Children, for example, have a valid claim (right) against their parents to be provided with adequate food. The parents are therefore the first line duty-bearers. Often, however, the parents cannot meet their duties because they do not have access to cultivable land, salaries or other resources required for providing food for their children. In other words they cannot meet the duty to their children because as claim-holders some of the rights they have against, for example, the government have not been realized. This shows how the government (the state) becomes the ultimate or final duty-bearer. This is important because it is the state that has ratified the covenants and conventions and is legally bound to meet the obligations.

In this perspective claim-duty relationships in society are linked and form a pattern of human rights. The identification and analysis of such patterns form the core of a Human Rights-Based Approach to Programming. The identification of duty-bearers and a determination of the extent of their accountability are crucial to a human rights-based approach to programming.

HRBAP Methodology

The UN Common Understanding  states that, “In a Human Rights-Based Approach human rights determine the relationship between individuals and groups with valid claims (right-holders) and State and non-state actors with correlative obligations (duty-bearers). It identifies right-holders (and their entitlements) and corresponding duty-bearers (and their obligations) and works towards strengthening the capacities of right-holders to make their claims, and of duty-bearers to meet their obligations.” The HRBAP methodology consists of five consecutive steps:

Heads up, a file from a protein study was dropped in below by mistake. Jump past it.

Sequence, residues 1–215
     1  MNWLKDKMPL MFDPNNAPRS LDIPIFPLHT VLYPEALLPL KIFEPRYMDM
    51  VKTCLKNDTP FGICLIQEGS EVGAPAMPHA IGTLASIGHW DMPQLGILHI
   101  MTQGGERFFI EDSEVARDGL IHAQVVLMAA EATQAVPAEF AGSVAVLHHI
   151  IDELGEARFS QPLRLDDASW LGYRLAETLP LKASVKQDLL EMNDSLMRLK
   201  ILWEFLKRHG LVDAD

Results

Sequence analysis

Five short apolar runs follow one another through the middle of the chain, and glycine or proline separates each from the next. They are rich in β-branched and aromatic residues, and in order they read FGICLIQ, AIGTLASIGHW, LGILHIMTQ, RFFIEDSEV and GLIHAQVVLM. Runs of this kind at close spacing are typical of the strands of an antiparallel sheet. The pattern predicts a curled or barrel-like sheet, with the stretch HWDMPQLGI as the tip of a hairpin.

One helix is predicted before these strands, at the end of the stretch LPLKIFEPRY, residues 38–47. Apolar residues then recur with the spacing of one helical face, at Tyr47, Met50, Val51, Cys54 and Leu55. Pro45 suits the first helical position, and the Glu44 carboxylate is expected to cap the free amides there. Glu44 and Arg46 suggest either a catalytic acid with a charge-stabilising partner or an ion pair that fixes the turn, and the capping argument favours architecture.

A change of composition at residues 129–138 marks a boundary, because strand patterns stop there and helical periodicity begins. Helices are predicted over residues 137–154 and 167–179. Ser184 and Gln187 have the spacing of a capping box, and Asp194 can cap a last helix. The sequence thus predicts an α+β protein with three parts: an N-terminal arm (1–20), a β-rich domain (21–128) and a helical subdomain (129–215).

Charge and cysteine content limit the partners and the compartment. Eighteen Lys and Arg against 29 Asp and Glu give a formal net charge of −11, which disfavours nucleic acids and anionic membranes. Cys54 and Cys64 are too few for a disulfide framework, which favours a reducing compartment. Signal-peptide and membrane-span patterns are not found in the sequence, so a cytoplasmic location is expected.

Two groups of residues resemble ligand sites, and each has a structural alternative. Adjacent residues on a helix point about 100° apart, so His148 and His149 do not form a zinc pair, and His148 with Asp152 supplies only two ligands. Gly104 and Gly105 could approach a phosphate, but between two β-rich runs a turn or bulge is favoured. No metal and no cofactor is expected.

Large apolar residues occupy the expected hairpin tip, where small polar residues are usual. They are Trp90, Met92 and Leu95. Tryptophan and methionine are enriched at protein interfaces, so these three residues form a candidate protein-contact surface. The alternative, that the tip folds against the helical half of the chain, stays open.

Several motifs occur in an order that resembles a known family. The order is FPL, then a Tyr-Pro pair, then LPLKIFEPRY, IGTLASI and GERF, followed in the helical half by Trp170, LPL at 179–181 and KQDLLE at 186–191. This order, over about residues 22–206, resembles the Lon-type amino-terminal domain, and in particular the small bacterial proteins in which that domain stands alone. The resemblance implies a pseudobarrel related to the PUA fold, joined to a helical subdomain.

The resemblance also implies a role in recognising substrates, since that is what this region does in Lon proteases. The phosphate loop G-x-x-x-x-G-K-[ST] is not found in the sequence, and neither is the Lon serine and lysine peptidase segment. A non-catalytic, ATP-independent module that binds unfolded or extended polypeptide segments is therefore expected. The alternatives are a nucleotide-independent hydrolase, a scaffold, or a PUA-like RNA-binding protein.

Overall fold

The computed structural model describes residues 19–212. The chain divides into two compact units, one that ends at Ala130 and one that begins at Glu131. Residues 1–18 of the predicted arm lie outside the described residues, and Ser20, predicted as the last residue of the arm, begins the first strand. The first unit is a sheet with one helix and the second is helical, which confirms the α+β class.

Step 1: Causality Analysis

Once a consensus has been reached that a particular problem exists and needs to be addressed, the causes of the problem should be identified. The Causality Analysis should be undertaken by those actors who are likely to enter into the roles of claim-holding and duty-bearing in the required improvement process.
The result of the Causality Analysis will be the identification of the causes of the non-realization a specific human right a specific context, together with a list of candidate claim-holders and duty-bearers.

Step 2: Pattern Analysis

The next step is to identify the most important claim-holder/duty-bearer relationships in the particular community or society that has been chosen. This analysis is called Role or Pattern Analysis. First, key actors, i.e. those who are likely to enter the roles of claim-holders and duty-bearers in relation to a specific right, should be identified. This will come from the Causality Analysis.  It is important to realize that the same individual or group of individuals often may enter into the roles of both claim-holders and duty-bearers. The Pattern Analysis should be undertaken by representatives of the key claim-holders and duty-bearers. Further, each claim/duty (i.e. human right) relationship must be recognized as a right in a covenant or convention, ratified by the country.

Step 3: Capacity Gap Analysis